Walker's The Color Purple is the story of the love between two poor black sisters that survives a separation over years, interwoven with the story of how, during that same period, the shy, ugly, and uneducated sister discovers her inner strength through the support of a female friend. The theme of the support women give each other recalls Maya Angelou's autobiography, I Know Why the Caged Bird Sings, which celebrates the mother-daughter connection, and the work of white feminists such as Adrienne Rich. The Color Purple portrays men as basically unaware of the needs and reality of women.

Although many critics find Walker's work too didactic or ideological, a large general readership appreciates her bold explorations of African-American womanhood. Her novels shed light on festering issues such as the harsh legacy of sharecropping (The Third Life of Grange Copeland, 1970) and female circumcision (Possessing the Secret Joy, 1992).



The Rise of Multiethnic Fiction

Jewish-American writers like Saul Bellow, Bernard Malamud, Isaac Bashevis Singer, Arthur Miller, Philip Roth, and Norman Mailer were the first since the 19th-century abolitionists and African-American writers of slave narratives to address ethnic prejudice and the plight of the outsider. They explored new ways of projecting an awareness that was both American and specific to a subculture. In this, they opened the door for the flowering of multiethnic writing in the decades to come.

The close of the 1980s and the beginnings of the 1990s saw minority writing become a major fixture on the American literary landscape. This is true in drama as well as in prose. The late August Wilson (1945-2005) wrote an acclaimed cycle of plays about the 20th-century black experience that stands alongside the work of novelists Alice Walker, John Edgar Wideman, and Toni Morrison. Scholars such as Lawrence Levine (The Opening of the American Mind: Canons, Culture and History, 1996) and Ronald Takaki (A Different Mirror: A History of Multicultural America, 1993) provide invaluable context for understanding multiethnic literature and its meanings.

Asian Americans also took their place on the scene. Maxine Hong Kingston, author of The Woman Warrior (1976), carved out a place for her fellow Asian Americans. Among them is Amy Tan (1952- ), whose luminous novels of Chinese life transposed to post-World War II America (The Joy Luck Club, 1989, and The Kitchen God's Wife, 1991) captivated readers. David Henry Hwang (1957- ), a California-born son of Chinese immigrants, made his mark in drama, with plays such as F.O.B. (1981) and M. Butterfly (1986).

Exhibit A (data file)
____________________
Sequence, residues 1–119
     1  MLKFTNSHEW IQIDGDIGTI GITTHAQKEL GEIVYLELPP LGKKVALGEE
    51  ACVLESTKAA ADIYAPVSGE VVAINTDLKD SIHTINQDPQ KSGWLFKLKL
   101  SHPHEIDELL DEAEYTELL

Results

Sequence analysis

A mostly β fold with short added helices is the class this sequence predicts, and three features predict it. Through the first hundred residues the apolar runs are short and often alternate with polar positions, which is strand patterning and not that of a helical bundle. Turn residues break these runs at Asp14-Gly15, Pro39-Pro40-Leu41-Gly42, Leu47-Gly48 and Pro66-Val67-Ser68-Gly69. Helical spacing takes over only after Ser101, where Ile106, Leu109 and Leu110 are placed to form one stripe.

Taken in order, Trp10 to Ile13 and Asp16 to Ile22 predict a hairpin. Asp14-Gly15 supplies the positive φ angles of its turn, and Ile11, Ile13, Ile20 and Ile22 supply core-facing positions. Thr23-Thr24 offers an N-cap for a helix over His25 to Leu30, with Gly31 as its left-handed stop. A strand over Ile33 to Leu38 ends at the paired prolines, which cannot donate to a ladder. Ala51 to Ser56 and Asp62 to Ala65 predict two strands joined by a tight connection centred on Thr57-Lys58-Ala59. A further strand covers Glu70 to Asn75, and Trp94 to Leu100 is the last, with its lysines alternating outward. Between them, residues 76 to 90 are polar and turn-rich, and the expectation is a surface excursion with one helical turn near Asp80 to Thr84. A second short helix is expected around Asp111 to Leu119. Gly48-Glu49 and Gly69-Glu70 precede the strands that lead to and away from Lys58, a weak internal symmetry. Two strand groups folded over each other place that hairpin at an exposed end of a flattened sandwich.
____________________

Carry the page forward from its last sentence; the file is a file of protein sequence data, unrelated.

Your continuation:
A relatively new group on the literary horizon were the Latino-American writers, including the Pulitzer Prize-winning novelist Oscar Hijuelos, the Cuban-born author of The Mambo Kings Play Songs of Love (1989). Leading writers of Mexican-American descent include Sandra Cisneros (Woman Hollering Creek and Other Stories, 1991); and Rudolfo Anaya, author of the poetic novel Bless Me, Ultima (1972).

Native-American fiction flowered. Most often the authors evoked the loss of traditional life based in nature, the stressful attempt to adapt to modern life, and their struggles with poverty, unemployment, and alcoholism. The Pulitzer Prize-winning House Made of Dawn (1968), by N. Scott Momaday (1934- ), and his poetic The Way to Rainy Mountain (1969) evoke the beauty and despair of Kiowa Indian life. Of mixed Pueblo descent, Leslie Marmon Silko wrote the critically esteemed novel Ceremony (1977), which gained a large general audience. Like Momaday's works, hers is a "chant novel" structured on Native-American healing rituals.

Blackfoot poet and novelist James Welch (1940-2003) detailed the struggles of Native Americans in his slender, nearly flawless novels Winter in the Blood (1974), The Death of Jim Loney (1979), Fools Crow (1986), and The Indian Lawyer (1990). Louise Erdrich, part Chippewa, has written a powerful series of novels inaugurated by Love Medicine (1984) that capture the tangled lives of dysfunctional reservation families with a poignant blend of stoicism and humor.

American Drama

After World War I, popular and lucrative musicals had increasingly dominated the Broadway theatrical scene. Serious theater retreated to smaller, less expensive theaters "off Broadway" or outside New York City.

This situation repeated itself after World War II. American drama had languished in the l950s, constrained by the Cold War and McCarthyism. The energy of the l960s revived it. The off-off-Broadway movement presented an innovative alternative to commercialized popular theater.